Some advice for the CEOs advocating merit pay for teachers

Imagine paying doctors based on whether their patients live or die, or paying social workers based on how many down-and-out clients they coach into becoming successful.

These are ridiculous suggestions. Yet the same logic underlies the idea put forth in a report by the Canadian Council of Chief Executives (CCCE), a group of 150 top Canadian CEOs, which says teachers should be paid according to their so-called “performance” in the classroom. 

Merit pay for teachers is an idea periodically promoted by right-wing think-tanks like the Fraser Institute, who view everything through a corporate lens. But it’s hard to think of a profession in which evaluation could be as subjective, and a system of monetary rewards and punishments so damaging, as it would be in teaching. The kind of scheme proposed by the CCCE could never be fair, consistent and meaningful in the real world of teachers, let alone a productive use of public time and money.

The mentality that pushes merit pay for teachers is typical of the troubling trend of corporatization in public education, which often tries to brand itself as “education reform.” So-called reformers want to base education policy on easily measurable outcomes like test scores. They push the idea that “teacher quality” is the only factor that affects student success, as if class sizes, poverty, racism, mental health problems and bullying, to name just a few issues, have no effect.

For the moneyBut schools are not businesses; nor should they be run like them. It should be obvious that schools are so much more than testing factories, and while every teacher wants students to get good grades, we also want them to learn to be happy, healthy, empathetic, well-rounded humans. In an ideal world, these things coincide. In practice, they don’t always.

(To its credit, the CCCE says it doesn’t back merit pay based on test scores, but rather on a more comprehensive evaluation process. Still, there is no adequate mechanism that could compare a math teacher to a band teacher to a resource teacher, nor take into account things like extra-curriculars, personal counselling, sense of humour, motivating students to become impassioned to change the world, etc.)

If the Canadian Council of Chief Executives really wants to improve public education, there are a few things it could do. First, its members could pay appropriate levels of corporate tax, like those in place before the Chrétien era. The increased revenues could help fund public education adequately, giving relief to overcrowded classrooms and providing badly needed guidance and mental health services in schools, to name just a few things.

As well, they could work toward ending the obscene levels of wealth inequality in Canada, since research has proven time and time again that poverty is the greatest impediment to student success. A simple starting step would be to close the stock options tax loophole, whereby Canadians pay over $100 million per year in subsidies to just 100 CEOs.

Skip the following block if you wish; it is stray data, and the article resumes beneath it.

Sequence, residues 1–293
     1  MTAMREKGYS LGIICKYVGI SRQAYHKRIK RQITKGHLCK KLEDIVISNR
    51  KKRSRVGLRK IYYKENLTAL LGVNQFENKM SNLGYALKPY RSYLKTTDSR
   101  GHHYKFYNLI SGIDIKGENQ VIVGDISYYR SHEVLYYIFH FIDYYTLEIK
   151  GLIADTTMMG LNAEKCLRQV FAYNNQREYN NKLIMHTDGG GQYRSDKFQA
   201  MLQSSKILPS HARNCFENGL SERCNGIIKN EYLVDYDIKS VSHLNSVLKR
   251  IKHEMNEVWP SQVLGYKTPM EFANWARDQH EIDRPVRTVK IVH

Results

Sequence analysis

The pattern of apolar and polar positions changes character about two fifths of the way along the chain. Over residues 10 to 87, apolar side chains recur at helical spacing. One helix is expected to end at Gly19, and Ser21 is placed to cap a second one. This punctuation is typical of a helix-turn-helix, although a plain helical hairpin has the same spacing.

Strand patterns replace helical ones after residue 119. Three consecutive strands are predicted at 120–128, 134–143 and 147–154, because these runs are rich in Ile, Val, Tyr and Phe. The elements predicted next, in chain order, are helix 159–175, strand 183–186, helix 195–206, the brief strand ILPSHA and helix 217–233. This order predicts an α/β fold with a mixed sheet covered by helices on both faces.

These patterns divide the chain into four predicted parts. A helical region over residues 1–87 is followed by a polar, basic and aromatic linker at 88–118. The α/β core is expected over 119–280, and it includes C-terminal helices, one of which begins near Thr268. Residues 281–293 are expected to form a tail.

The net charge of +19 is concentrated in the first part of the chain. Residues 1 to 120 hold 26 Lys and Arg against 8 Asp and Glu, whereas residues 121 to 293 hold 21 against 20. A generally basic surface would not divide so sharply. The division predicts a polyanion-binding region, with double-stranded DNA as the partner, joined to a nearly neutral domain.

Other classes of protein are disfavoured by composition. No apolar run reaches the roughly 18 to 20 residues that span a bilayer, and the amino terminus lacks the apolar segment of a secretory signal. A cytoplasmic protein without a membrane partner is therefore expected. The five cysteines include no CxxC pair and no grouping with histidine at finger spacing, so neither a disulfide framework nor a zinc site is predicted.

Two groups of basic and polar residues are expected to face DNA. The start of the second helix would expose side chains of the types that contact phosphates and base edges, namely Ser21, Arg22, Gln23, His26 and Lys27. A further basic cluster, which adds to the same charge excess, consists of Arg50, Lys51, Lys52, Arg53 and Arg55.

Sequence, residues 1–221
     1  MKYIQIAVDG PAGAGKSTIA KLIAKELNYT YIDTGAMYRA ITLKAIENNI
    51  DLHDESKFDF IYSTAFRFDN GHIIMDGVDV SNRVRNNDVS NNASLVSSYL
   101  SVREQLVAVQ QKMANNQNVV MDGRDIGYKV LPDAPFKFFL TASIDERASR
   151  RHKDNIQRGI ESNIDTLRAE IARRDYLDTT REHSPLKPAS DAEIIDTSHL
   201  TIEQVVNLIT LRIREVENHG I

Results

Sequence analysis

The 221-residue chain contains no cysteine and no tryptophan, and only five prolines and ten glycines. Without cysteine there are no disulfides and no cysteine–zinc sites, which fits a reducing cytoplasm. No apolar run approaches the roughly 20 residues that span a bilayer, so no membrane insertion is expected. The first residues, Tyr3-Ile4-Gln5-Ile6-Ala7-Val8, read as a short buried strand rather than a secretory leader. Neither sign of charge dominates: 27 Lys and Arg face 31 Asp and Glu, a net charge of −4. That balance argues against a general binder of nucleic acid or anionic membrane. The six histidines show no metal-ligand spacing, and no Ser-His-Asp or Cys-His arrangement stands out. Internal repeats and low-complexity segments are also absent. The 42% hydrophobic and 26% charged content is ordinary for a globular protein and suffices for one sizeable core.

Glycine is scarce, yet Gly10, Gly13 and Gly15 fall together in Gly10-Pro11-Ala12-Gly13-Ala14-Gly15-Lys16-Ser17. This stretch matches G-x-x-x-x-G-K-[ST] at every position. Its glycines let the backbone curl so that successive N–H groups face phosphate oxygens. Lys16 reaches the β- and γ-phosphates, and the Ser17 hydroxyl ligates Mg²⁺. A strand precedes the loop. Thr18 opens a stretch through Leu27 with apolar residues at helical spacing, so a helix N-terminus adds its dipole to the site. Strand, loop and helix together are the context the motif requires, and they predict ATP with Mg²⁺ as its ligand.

It’s a tall order to expect a bunch of CEOs to talk about reducing their own profits and bonuses, but we can dream. Until then, scrap the hare-brained idea of making teachers compete against each other rather than collaborate, as we have always done.

6 thoughts on “Some advice for the CEOs advocating merit pay for teachers”

  1. I always find it ironic that teachers, who assign grades based on performance to students, think they ought to be immune from such evaluation themselves. Teachers are human too – and there are good teachers and bad teachers. I want more good teachers than bad teachers in Nova Scotia’s classrooms.

    Honest question for you Ben: How do can we weed out the bad teachers? If not by evaluation and merit pay?

    Quick anecdote: I once filed a complaint about a principal who was verbally abusing my son in school (shouting, bullying, etc). I went to any one who would listen, and still, no luck. That man is still a principal, still causing young boys to pee their pants, still teaching. How can we dislodge this cancer on our education system? Because I sure as hell don’t know how. That man should not be teaching, but he sweet-talks the union and they love him there. My son is still terrified of going to school, four years later.

    1. I’m sorry about your experience John, but surely you believe any worker who has a complaint filed against him/her still deserves due process? This is what a union ensures: protection against arbitrary treatment. It has nothing to do with “sweet-talking.” I can’t comment on a specific case I know nothing about, except to say that processes are in place and teachers who do not live up to codes of ethics can be, and are, sanctioned.

      Actually teachers do face evaluations regularly. Making them punitive and competitive, though, would do nothing to improve education. Here’s another good article from the National Post (of all places) this morning:

      For the record, grading is the worst part of my job. I often think how great it would be not to have to assign grades…Joe Bower has written much about this. You might enjoy his blog: All the best.

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